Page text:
The still "officially" unnamed motion controller has also been called Arc. It's rumored Arc is the most recent codename, while Gem was an earlier name attached to the controller.

Keep tabs on G4's continued coverage from DICE 2010 on our official page.

Gears of War 2: Dark Corners Screenshot

Independent game development is a complex idea. Depending on who you're talking about, it means something different. Technically, Epic Games is "independent," even if they are working on some of the biggest releases in games. They are not, however, what you would typically consider "indie." Gas Powered Games founder Chris Taylor and Epic Games CEO Mike Capps discussed the difficulties of independence during Adam Sessler's "Hot Topics" panel at DICE 2010.

"It's not so much a fine line," said Taylor," [but there is] a big line between indie development, where there's the iPhone and this and that, and then what we do -- and then there's tiers of what we do. Mike [Capps is] doing big time independence stuff...To survive right now as an independent when you're in that category is especially challenging when the guys across the team are putting dudes in their basement and saying 'we're an independent developer.'"

Despite Capps' ability to oversee an independent studio that produces huge franchises like Gears of War, he said Epic Games can't do everything. Independents need help, too.

"It's getting harder and harder to be independent at our size," he said. "We're waiting for someone to buy Valve. [laughs] We've really enjoyed being independent. For us, it's about partnerships. That partnership is so crucial to being independent because we have to know what we don't know. Someone has to buy ads on Hong Kong subways. Knowing what you know well is key to being independent."

For our complete and continuing coverage of DICE 2010, check out G4's official page!

British Classification Board Gives Heavy Rain 15 Rating

Mass Effect 2. BioShock 2. Heavy Rain. The biggest games so far in 2010 have featured very deep storytelling hooks. But if you look at the top-selling games of all time, whether it's the past (Tetris) or the present (Wii Play), storytelling isn't the focus, if present at all. Ultima game designer Richard Garriott had a theory about that during Adam Sessler's "Hot Topics" session at DICE 2010.

"As I review my 30 year career," said Garriott, reflecting on his history developing story games, "I don't think the market has tended to specifically reward that. I think the reasons why that is true has been the changing technology bases that we [use to] build all of our games. Every time there's a new CD drive, 3D hardware or the Internet ... gameplay tastes tend to reset to quite simple forms of gameplay."

"As long as we're in the Moore's Law era," he continued, "I think those of us who have a passion for storytelling are going to regularly be trumped by gameplay."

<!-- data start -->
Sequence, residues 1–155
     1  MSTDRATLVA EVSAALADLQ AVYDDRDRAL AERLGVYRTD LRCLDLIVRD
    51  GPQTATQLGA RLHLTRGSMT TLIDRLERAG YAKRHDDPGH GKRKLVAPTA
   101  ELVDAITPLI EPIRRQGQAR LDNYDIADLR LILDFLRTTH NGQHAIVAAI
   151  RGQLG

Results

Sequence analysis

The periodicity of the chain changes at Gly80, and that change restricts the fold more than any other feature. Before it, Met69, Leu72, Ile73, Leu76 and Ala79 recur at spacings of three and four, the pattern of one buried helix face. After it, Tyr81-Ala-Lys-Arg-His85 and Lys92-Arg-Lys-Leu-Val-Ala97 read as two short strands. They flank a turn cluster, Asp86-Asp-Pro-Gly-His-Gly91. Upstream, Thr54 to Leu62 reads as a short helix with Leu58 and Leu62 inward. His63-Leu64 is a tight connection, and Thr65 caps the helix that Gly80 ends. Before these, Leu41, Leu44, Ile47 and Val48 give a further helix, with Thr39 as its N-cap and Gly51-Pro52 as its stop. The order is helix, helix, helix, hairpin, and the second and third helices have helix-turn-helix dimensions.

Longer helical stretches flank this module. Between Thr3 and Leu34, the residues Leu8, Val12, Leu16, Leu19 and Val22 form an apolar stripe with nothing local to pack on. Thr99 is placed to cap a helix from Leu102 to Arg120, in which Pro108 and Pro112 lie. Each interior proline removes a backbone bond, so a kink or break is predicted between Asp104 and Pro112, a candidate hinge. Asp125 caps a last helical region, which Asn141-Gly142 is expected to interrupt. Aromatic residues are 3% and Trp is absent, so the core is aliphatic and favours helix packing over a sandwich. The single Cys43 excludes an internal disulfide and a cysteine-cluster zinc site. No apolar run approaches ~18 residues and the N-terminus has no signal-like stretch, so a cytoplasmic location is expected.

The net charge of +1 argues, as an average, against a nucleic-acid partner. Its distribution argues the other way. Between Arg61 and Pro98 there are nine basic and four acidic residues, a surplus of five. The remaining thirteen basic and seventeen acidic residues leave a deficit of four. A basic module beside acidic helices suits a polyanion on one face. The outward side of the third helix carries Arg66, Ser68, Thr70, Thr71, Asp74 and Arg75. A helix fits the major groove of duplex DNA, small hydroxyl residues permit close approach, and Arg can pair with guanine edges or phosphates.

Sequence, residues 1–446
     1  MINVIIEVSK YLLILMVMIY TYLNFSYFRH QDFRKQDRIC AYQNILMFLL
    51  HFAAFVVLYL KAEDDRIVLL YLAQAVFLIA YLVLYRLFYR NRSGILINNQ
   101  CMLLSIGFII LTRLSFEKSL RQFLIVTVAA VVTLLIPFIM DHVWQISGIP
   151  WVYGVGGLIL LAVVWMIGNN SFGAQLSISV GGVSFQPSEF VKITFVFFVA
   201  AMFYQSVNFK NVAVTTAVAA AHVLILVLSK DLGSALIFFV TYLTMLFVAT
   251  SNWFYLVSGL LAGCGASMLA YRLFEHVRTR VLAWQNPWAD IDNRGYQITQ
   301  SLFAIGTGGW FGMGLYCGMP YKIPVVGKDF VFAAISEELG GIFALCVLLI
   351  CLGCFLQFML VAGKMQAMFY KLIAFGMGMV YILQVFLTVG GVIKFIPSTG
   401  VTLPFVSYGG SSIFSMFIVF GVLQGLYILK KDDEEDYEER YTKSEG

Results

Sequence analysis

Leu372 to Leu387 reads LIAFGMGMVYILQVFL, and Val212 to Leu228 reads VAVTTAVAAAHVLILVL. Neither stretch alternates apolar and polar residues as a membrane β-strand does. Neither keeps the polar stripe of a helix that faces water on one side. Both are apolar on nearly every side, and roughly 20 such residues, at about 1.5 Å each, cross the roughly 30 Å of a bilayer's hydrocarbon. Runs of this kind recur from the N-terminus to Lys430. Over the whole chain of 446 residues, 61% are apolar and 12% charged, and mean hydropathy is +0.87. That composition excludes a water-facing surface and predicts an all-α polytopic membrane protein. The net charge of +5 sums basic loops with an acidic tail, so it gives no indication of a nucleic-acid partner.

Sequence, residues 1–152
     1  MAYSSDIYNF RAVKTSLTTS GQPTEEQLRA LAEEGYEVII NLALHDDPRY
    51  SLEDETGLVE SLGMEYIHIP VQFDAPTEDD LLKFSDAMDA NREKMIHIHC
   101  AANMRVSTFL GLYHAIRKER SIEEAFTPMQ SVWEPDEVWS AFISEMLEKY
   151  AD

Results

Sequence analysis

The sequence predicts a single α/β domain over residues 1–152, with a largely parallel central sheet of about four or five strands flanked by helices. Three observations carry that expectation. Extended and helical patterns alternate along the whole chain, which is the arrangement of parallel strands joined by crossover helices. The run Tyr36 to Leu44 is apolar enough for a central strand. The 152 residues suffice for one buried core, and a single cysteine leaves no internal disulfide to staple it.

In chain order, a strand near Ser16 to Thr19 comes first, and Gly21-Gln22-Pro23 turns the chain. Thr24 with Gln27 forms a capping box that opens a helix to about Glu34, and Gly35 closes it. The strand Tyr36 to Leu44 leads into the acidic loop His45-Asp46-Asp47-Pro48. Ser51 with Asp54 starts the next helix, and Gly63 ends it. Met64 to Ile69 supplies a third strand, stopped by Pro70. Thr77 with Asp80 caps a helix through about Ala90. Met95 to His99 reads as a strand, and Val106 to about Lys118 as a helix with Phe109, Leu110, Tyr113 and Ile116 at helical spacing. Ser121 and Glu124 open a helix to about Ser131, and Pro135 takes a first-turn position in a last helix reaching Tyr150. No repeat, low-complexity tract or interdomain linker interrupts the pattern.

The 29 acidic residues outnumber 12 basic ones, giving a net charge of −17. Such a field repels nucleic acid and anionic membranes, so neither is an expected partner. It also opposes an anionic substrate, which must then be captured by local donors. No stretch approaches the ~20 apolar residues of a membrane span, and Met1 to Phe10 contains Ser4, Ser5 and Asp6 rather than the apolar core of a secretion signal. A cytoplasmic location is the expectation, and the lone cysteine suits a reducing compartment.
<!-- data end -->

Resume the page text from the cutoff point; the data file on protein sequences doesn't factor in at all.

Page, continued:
Do you think Garriott's onto something?

Keep checking back all week (and next!) for continuing coverage of DICE 2010.

David Jaffe Jokes About Calling All Cars Being

God of War and Twisted Metal designer David Jaffe is known for being a man with opinions, even about his own projects. Adam Sessler asked Jaffe whether he considered Calling All Cars a casual game during the Sessler-hosted "Hot Topics" session at DICE 2010, to which Jaffe joked (to much laughter) that creating Calling All Cars was not a casual game but "a mistake."

He seemed to be mostly joking, but Jaffe outlined some clear lessons learned from the game. Jaffe said his team at Eat Sleep Play ended up designing a casual looking game ("e-rated" graphics) for a hardcore audience. Calling All Cars had a cartoonish look but a hardcore feel.

If he were to design Calling All Cars again, he'd have matched the hardcore gameplay with a hardcore visual look, too. Jaffe said Calling All Cars was created with old school arcades in mind.

"Our gameplay was sort of designed to be more akin to the old NBA Jam games," he said.

Jaffe also said the price caused an issue. Calling All Cars was launched at $10, a price point Jaffe thought seemed reasonable given the interest in downloadable games at the time. But Jaffe didn't anticipate that people would end up judging a $10 game just like a $60 game.

"The reality is you buy $599 system and you still bring that same kind of consumer mentality to a $5 game or a $60 game," he said. "It was just kind of wrong for us to assume there'd be a different kind of mentality."

For more coverage live from DICE 2010, keep watching our official DICE page.

Blizzard Wants Battle.Net To Become Gaming's Facebook

There are many gamers happy about the StarCraft II beta going live today. Integral to the StarCraft II experience, however, is the revamped Battle.Net, Blizzard's proprietary equivalent to Xbox Live, to be incorporated in all Blizzard games. While talking with Blizzard co-founder and senior VP Frank Pearce at DICE 2010 right around the time the StarCraft II beta was going live (it happened while we were talking), I asked him what Blizzard's ambitions are for the future. Where is Blizzard in five, 10 years?

Pearce is an ambitious man.

"For me, I think about the web 2.0 experience and all the people that are connecting with each other around the world on sites like Facebook," he said, "and I would like Blizzard's Battle.Net to be the equivalent in the gaming space. But that's pretty ambitious."

If Battle.Net doesn't make it that far, he does have a backup plan he'd be happy with, though.

"I would be very, very satisfied if Battle.Net was that just for Blizzard games and the Blizzard community," he said. "The Blizzard community is really what's most important to us, anyway."